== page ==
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Publication numberUS6757692 B1
Publication typeGrant
Application numberUS 09/591,317
Publication dateJun 29, 2004
Filing dateJun 9, 2000
Priority dateJun 9, 2000
Fee statusPaid
Also published asEP1162550A2
Publication number09591317, 591317, US 6757692 B1, US 6757692B1, US-B1-6757692, US6757692 B1, US6757692B1
InventorsCharles F. Davis, Kim L. Ong
Original AssigneeNorthrop Grumman Corporation
Export CitationBiBTeX, EndNote, RefMan
External Links: USPTO, USPTO Assignment, Espacenet
Systems and methods for structured vocabulary search and classification
US 6757692 B1
Abstract
Systems and methods for classifying structured vocabulary where an input is received that includes one or more terms. The one or more terms relate to an area of technology. Each one or more terms are identified and extracted from the input. The results of the extraction may be reviewed, and manually modified if appropriate. Each extracted one or more terms are classified where the classification associates a classified term to each extracted one or more terms. Each classified term is related to the area of technology. The results of the classification may be reviewed, and manually modified if appropriate. A result output is generated containing each one or more terms and the associated classified terms.
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Claims(32)
What is claimed is:
1. A method for classifying structured vocabulary comprising:
receiving input comprising at least one term, the at least one term related to an area of technology;
extracting every at least one term from the input to identify verbatim terms;
reviewing results from the extracting and manually modifying the extracted at least one term to eliminate duplicates of the extracted at least one term;
classifying each extracted at least one term, the classification associating one or more classified terms to each extracted at least one term, each of the one or more classified terms being related to the area of technology;
reviewing results from the classifying and manually modifying the classification results to eliminate one or more of the one or more classified terms; and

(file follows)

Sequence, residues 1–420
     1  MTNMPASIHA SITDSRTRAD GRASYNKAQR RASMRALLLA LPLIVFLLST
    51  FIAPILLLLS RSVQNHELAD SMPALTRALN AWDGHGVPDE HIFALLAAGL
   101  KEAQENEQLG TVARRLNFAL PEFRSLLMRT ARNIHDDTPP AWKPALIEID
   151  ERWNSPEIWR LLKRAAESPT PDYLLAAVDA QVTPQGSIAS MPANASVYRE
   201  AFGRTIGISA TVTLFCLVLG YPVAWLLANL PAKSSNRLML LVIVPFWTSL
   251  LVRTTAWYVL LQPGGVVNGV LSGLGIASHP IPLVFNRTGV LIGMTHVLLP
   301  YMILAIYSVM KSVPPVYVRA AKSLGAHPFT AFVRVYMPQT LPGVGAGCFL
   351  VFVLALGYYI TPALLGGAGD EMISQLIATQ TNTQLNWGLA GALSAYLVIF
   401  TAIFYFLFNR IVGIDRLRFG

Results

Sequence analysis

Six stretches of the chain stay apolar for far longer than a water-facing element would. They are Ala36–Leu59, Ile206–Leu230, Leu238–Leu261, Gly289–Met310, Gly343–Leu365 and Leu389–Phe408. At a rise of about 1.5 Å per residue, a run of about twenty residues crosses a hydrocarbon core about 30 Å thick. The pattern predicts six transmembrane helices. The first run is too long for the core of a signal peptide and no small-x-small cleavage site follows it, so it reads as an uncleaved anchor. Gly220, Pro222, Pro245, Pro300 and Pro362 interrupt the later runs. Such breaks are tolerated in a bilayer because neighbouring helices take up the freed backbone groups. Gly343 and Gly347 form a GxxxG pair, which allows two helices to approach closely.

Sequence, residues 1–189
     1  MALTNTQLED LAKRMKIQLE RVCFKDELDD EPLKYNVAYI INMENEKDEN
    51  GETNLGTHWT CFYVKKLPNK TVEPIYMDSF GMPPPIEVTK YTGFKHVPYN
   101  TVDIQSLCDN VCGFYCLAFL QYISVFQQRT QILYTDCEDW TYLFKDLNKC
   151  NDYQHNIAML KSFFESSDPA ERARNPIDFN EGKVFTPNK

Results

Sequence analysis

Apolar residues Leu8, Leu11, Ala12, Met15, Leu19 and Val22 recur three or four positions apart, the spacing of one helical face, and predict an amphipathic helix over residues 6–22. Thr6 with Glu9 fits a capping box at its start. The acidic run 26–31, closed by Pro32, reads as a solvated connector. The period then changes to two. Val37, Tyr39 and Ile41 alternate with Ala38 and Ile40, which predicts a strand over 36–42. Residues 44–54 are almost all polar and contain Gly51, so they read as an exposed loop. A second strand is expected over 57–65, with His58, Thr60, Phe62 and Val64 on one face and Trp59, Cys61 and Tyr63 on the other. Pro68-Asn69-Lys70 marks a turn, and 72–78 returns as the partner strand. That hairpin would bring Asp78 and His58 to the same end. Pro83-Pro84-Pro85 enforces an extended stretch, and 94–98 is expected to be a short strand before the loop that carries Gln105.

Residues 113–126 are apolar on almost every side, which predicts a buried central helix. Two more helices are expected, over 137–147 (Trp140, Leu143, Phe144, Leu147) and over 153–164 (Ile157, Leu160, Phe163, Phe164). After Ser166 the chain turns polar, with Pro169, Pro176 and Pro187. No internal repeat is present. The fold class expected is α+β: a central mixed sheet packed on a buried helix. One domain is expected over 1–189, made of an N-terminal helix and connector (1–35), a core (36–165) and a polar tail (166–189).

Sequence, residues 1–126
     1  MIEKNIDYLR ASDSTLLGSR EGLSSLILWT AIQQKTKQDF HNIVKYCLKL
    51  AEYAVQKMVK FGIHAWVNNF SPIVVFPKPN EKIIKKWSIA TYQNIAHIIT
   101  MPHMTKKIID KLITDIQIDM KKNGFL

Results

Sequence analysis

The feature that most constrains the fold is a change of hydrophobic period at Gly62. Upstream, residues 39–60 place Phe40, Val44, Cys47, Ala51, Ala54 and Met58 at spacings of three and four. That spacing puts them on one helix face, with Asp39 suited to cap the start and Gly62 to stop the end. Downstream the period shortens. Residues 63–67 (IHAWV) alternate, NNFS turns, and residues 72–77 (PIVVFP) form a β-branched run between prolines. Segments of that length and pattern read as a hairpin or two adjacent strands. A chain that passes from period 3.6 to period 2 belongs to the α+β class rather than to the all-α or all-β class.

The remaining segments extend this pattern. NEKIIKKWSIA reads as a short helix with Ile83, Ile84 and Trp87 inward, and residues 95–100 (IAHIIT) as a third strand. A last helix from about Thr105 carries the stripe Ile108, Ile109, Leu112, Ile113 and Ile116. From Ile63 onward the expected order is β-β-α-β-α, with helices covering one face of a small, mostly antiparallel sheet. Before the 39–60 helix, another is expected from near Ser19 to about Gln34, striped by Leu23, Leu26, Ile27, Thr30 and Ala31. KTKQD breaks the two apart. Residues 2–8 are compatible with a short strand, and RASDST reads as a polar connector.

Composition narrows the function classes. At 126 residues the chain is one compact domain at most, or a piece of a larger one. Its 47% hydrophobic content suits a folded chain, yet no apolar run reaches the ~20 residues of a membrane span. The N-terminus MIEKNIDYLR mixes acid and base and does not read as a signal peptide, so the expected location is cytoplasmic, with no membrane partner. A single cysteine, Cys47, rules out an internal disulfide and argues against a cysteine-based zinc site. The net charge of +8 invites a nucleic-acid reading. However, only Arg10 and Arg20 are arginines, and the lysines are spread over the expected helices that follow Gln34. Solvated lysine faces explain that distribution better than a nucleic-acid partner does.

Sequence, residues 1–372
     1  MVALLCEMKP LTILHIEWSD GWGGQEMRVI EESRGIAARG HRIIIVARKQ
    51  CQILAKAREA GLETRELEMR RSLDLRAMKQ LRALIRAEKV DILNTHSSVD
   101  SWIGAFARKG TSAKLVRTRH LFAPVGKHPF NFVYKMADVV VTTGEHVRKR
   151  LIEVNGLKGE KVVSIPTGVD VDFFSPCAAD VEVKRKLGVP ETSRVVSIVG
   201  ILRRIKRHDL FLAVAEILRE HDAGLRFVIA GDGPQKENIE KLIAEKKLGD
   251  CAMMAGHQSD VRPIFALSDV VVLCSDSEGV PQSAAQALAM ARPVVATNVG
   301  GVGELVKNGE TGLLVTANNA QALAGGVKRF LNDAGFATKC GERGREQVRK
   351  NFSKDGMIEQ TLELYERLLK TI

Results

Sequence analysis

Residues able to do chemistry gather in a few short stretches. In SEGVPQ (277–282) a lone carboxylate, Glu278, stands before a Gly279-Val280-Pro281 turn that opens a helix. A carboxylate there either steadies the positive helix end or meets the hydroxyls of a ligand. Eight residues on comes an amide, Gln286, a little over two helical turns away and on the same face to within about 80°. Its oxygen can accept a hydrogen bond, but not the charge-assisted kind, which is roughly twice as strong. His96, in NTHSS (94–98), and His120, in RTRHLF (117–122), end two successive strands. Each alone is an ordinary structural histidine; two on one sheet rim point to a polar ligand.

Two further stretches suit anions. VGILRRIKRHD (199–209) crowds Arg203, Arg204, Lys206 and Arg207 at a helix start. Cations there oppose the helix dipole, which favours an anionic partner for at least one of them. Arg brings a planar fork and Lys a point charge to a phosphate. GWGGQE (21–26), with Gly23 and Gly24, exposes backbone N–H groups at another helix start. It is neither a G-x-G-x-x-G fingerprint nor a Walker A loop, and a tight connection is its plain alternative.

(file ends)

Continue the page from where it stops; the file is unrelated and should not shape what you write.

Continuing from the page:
generating a result output containing each at least one term and the one or more associated classified terms.
2. The method according to claim 1, wherein the area of technology comprises medical.
3. The method according to claim 2, wherein the medical area of technology comprises drugs and adverse reactions to the drugs.
4. The method according to claim 1, further comprising filtering the extracted at least one term, the filtering removing the duplicates of the extracted at least one term and producing at least one unique term, the classifying being performed on the at least one unique term.
5. The method according to claim 1, wherein the at least one term comprises a medical term.
6. The method according to claim 5, wherein the medical term comprises a drug.
7. The method according to claim 5, wherein the medical term comprises an adverse reaction to a drug.
8. The method according to claim 1, wherein the input comprises narrative text.
9. The method according to claim 1, the extracting further comprising comparing the at least one term with terms in at least one database.
10. The method according to claim 9, wherein one of the at least one database comprises a thesaurus database, terms in the thesaurus database being related to the area of technology.
11. The method according to claim 10, wherein the terms in the thesaurus database are organized in a multi-tier structure.
12. The method according to claim 9, wherein at least one of the at least one database comprises a synonym database.
13. The method according to claim 9, wherein at least one of the at least one database comprises a knowledge base, terms in the knowledge base being related to the thesaurus database.
14. The method according to claim 13, wherein the terms in the knowledge base comprise at least one of acronyms, abbreviations, fillers, proximity data, suffix data, and synonymous words.
15. The method according to claim 9, wherein the comparing comprises matching each at least one term with the terms in the at least one database based on syntactical closeness, the matching using lexical matching algorithms, the matching manipulating each at least one term within a sentence.
16. The method according to claim 15, further comprising generating a goodness of fit ranking, the goodness of fit ranking being based on an amount of lexical manipulations.
17. The method according to claim 1, further comprising formatting the input into at least one input table before the extracting.
18. The method according to claim 9, further comprising updating the terms in the at least one database based on the result output.
19. The method according to claim 1, further comprising formatting the result output into at least one table.